Inaction on climate change could cost G7 nations 8.5 per cent in lost gross domestic product annually by 2050 and include heavy job losses, Oxfam said on Monday.
The charities group said more ambitious action is needed to tackle climate change if its worst effects are to be avoided by the world's biggest economies.
Analysis of research by the Swiss Re Institute showed the world needs to cut carbon emissions more quickly and steeply, Oxfam said.
"The climate crisis is already devastating lives in poorer countries but the world's most developed economies are not immune," said Danny Sriskandarajah, chief executive of Oxfam GB.
"The UK government has a once-in-a-generation opportunity to lead the world towards a safer, more liveable planet for all of us.
"It should strain every diplomatic sinew to secure the strongest possible outcome at the G7 and Cop26 summits, and lead by example by turning promises into action and reversing self-defeating decisions like the proposed coal-mine in Cumbria and cuts to overseas aid."
Swiss Re looked at how climate change is likely to affect economies through gradual, chronic climate risks such as heat stress, higher sea levels, health problems and the effects on agricultural productivity.
Oxfam's analysis found the loss in GDP, assuming 2.6°C of warming, would be double that of the coronavirus pandemic, which has caused G7 economies to shrink by an average of 4.2 per cent.
The UK economy is projected to lose up to 6.5 per cent of its value by mid-century, compared with 2.4 per cent if it succeeds in pushing other nations to reduce emissions fast enough to meet the goals of the Paris Agreement.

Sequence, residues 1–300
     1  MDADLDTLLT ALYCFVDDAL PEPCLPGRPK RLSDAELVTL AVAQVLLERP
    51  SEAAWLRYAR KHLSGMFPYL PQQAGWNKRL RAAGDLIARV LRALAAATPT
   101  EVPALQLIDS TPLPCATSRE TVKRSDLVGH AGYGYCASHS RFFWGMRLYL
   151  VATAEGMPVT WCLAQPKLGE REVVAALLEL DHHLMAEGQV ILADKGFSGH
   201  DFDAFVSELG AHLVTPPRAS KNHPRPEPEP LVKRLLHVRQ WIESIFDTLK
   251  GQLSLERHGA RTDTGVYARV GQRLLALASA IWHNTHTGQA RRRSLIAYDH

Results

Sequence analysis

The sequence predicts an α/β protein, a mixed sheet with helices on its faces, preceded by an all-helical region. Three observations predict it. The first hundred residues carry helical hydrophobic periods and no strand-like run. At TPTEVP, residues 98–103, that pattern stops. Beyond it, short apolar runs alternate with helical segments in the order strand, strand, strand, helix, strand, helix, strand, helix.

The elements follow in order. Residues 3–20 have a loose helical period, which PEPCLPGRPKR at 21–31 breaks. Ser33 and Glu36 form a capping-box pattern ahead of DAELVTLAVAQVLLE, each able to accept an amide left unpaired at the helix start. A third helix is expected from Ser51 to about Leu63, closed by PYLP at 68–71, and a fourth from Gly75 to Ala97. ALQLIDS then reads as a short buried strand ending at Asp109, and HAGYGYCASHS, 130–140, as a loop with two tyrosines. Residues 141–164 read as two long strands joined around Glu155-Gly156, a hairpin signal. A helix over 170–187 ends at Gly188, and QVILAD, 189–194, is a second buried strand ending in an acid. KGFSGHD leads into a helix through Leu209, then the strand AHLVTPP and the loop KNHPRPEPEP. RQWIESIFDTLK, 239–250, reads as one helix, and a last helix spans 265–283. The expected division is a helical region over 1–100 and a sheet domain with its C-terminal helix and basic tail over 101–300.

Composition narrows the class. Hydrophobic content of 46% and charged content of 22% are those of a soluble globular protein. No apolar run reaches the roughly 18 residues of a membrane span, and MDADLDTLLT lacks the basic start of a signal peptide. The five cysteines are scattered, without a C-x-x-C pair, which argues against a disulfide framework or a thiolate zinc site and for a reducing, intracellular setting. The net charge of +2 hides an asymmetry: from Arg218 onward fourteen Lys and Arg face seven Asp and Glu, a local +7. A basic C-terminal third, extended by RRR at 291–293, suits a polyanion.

The US would be hit with a 7.2 per cent loss by 2050, Japan 9.1 per cent, Italy 11.4 per cent, Germany 8.3 per cent, France 10 per cent and Canada 6.9 per cent
The economies of all 48 nations in the Swiss Re study are expected to contract, with many of them predicted to be hit far worse than the G7 countries.
For example, by 2050, India is forecast to lose 27 per cent from its economy, Australia 12.5 per cent and the Philippines 35 per cent.
Oxfam said the G7 nations have all set new climate targets but most are still below targets that would keep global warming below 1.5°C.
They said the G7 was also collectively failing to deliver on a longstanding pledge by developed countries to provide $100 billion each year to help poor countries respond to climate change.